We ventured to Petsmart June 7 (Andrew's actual birthday) to purchase a bearded dragon. Andrew loved him and named him Bucky, after Captain America's friend. He was a baby and weighed only 5 grams! We chose him because he was the coolest and most alert dragon at the store.
He seemed to like being held for a few days. I loved how he cocked his little head from side to side and moved his eyes around to check out his new surroundings. He ate calcium-coated crickets with the speed of a cheetah and loved kale and carrots, too. Watching him hunt his crickets each evening was family fun for the Burbanks.
He very coolly and proudly sat on his log or his tree, holding his head high and loving the heat lamp.
The boys were in Andrew's room all the time, checking on "Buckman" and "Buckmeister."
We wanted to give him the best of our environment, so here he is playing Godzilla as a curious and jealous Dora looks on.
After a few days and much more parental research, we learned he, in fact, did not really like to be held because he was so very young. One evening, he leapt out of my hands and ran away. Both boys were crying and after 10 minutes, we located him in the guest bathroom. He happily went back into his terrarium.
Here he is with the aggressive tail pointing up, possibly challenging Andrew or some of those crickets he could see in their little cage.
That tail photo was the last one I took of him. Earlier this week, he stopped eating and was lethargic. I talked to everyone I could and did tons of internet and book research.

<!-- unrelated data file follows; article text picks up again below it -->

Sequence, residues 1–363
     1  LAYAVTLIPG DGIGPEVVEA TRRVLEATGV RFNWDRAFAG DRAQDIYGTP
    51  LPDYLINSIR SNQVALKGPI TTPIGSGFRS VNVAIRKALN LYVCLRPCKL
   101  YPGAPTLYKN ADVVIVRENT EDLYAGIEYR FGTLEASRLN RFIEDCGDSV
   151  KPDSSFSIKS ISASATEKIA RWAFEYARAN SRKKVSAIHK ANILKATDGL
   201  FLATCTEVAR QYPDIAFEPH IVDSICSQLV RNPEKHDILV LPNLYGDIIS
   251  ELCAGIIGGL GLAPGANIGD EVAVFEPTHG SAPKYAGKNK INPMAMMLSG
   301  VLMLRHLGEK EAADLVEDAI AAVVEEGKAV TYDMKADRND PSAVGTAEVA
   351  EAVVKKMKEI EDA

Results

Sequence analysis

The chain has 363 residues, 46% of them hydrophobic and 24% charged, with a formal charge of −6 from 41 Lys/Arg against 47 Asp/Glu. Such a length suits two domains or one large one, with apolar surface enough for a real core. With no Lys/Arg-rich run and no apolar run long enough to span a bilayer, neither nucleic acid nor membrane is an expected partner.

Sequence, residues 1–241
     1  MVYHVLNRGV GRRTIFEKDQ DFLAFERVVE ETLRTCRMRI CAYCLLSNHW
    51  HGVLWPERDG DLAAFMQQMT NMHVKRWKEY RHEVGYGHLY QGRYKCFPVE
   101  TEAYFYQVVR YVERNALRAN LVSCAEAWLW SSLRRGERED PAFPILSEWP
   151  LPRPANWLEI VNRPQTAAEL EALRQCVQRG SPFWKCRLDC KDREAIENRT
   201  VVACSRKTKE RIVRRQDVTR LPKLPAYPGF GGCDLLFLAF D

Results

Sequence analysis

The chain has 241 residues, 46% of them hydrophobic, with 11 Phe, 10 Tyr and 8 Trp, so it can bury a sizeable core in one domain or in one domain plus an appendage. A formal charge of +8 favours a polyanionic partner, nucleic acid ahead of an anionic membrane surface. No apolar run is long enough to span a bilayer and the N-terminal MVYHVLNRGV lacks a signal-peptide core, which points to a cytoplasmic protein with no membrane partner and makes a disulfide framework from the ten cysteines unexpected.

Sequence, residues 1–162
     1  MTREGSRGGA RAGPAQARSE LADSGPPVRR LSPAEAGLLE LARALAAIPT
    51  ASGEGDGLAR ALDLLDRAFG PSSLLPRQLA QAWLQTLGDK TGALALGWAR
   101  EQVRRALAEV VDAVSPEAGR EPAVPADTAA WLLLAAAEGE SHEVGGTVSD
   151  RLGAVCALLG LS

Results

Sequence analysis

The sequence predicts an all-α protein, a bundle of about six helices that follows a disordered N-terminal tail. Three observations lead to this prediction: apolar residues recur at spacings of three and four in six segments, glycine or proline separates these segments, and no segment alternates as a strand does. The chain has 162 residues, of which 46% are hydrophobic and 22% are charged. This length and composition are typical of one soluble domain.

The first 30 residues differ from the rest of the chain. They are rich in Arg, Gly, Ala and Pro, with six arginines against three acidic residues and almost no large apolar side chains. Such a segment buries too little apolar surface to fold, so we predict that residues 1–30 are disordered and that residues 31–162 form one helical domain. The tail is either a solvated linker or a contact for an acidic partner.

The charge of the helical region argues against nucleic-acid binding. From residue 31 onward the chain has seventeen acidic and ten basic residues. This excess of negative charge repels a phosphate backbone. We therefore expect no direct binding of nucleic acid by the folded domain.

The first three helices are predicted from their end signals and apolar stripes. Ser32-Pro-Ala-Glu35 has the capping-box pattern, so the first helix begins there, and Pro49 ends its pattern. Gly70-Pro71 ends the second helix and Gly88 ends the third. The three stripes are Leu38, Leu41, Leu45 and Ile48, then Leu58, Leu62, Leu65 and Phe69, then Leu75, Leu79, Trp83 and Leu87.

We learned that beardies, especially babies, can often not see standing water, so he might not have been getting enough fluids. So, we soaked him in a bath for 20 minutes each day.
We also learned that UV bulbs older than 6 months might still be lit, but not providing the animal with enough rays. Natural sun cannot be beat and these Australian desert-dwelling animals cannot get too hot, so we gave him a lot of natural sun time each day.
We bought live mealworms because they are Doritos in the lizard world and, although not the best possible nutrition, they might bump up his energy.
He wasn't interested in any of this stuff and just seemed to be getting weaker and weaker.
So, I found a highly-recommended reptile vet and took him there in a shoe box yesterday. Dr. Brown said things didn't look good, but he and the assistant force-fed Bucky some baby food and an antibiotic in the tiniest syringes I have ever laid eyes on. As the doctor left, he seemed hopeful and said, "He really might pull through!" His thoughts were that Bucky had some parasite or virus and he said that lizards are slow to get sick and then are slow to get well, especially the babies.
I left with hope, especially when Bucky was running around the box on the 30-minute trip home. I kept putting him in the sunny window and he even cocked his head a few times and eyeballed me with his baby browns.
However, as soon as I pulled into our driveway and peeked into the box, he was limp. He was gone. I took him inside and broke the news to Andrew.
The boys planned a funeral and we buried him today. We put him in a soft baby washcloth in a small tupperware container and proceeded outside to some instrumental music. Andrew carried him. Both grandmas were in attendance.
The boys had written down some things they loved about him in the 19 days we had him, and read them aloud over his final resting spot.
They wanted to include sparklers in the ceremony, so of course we did.
Andrew placed his sweet little body in the 2-foot hole and we all filled it in.
Andrew has gone out there a few times, just to hang out and think.
We bought a hosta today and planted it right above him.
I hope his tiny reptile brain somehow knew we all loved him and thought he was the coolest ever. He taught us a lot in our 19 days together.
We love you, Bucky. We will miss you.